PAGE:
Reverse Crossover: The Ghost Bride by Yangsze Choo

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Hardcover, 368 pages
Published August 6th 2013 by William Morrow
Source: Personal Copy

In some parts of Asia, if young men die without getting married, their relatives try to find them brides who are usually young women who have also died without getting married. I believe this may be an archaic tradition and is not practiced as much (if at all) in modern times but I could be wrong so don’t take my word for it. The important point is: the bride is usually as dead as her future husband.

Hm. In all the literature/media I have consumed that deal with ghost brides, the brides in question have been very much alive. (See The Undertaking of Lily Chen by Danica Novgorodoff and the K-Drama Master’s Sun which has an episode where the main ghost-seeing character is roped in to play bride to a very dead grandson). In The Ghost Bride, the bride in question is very much alive as well but her husband-to-be is not as departed as she may wish him to be.

The novel is set against the lush backdrop of Malaya (modern day Malaysia, I believe) and considers the fate of Li Lan, a beloved daughter of a noble family who are currently facing difficult economic times. When the proposal comes from the very wealthy and very powerful Lim family, Li Lan’s father jumps at the chance even though Li Lan had already been betrothed to a poorer relation in the same family. Or at least some sort of vague promise had existed between them.

Anyway, Li Lan’s ghost husband-to-be visits her in her dreams and promises her of pleasures to come. Needless to say, Li Lan isn’t convinced. Plus, the husband-to-be wasn’t, despite his wealth, power, and family, not a prize when he was alive and is even less so now that he is dead. Things become more interesting when Li Lan finds a way to separate her body from her spirit without actually, you know, dying and goes on a journey to the land of the dead, meeting ghosts, dead relatives and a very intriguing stranger along the way.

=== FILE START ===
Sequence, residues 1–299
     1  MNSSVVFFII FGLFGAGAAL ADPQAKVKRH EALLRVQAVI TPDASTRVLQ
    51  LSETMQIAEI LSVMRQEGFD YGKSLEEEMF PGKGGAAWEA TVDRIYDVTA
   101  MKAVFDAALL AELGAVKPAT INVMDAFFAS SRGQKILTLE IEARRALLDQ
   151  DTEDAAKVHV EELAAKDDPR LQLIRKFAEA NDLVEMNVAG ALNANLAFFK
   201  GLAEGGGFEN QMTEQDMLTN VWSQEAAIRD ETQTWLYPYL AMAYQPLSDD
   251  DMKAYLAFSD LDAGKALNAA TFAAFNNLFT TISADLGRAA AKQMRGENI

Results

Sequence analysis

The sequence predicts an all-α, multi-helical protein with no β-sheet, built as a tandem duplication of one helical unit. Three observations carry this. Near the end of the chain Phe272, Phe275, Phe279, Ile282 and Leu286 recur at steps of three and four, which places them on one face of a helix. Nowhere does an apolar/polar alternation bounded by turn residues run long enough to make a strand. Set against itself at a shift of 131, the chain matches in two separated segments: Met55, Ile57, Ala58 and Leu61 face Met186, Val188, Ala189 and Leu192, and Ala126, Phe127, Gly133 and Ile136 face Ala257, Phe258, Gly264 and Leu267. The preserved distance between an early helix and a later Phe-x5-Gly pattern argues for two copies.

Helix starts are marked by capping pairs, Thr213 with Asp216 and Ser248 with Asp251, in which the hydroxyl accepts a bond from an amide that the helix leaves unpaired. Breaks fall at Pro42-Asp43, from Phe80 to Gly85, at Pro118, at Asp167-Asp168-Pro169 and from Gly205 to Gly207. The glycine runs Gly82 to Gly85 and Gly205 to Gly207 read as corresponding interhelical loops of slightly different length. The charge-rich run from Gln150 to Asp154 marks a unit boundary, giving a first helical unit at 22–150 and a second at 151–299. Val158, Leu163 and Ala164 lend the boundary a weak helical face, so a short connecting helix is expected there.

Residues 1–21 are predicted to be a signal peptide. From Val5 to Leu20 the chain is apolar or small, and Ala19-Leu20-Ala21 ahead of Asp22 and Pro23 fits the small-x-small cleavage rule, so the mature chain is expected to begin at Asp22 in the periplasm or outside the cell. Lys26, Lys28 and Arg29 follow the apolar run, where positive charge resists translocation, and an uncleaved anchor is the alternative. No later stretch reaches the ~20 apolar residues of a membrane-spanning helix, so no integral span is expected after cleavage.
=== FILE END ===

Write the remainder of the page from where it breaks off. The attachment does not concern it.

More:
The Ghost Bride isn’t perfect but it offers a glimpse of a world that we (as in Western readers, those not belonging to the culture) hardly ever see. I was entranced by the new mythology, by the strange landscapes Li Lan traverses, and by the folklore interwoven through the narrative. The power struggle among the women of the Lim family was very intriguing, especially since it was all done so subtly. But I think I was most enchanted by the portion of the narrative that took place in the land of the dead. The romance was not my favourite but a twist near the end won my favour.

This book has all the elements that make it an enjoyable read especially for children who enjoy fantasy. It’s accessible, fun, and clean.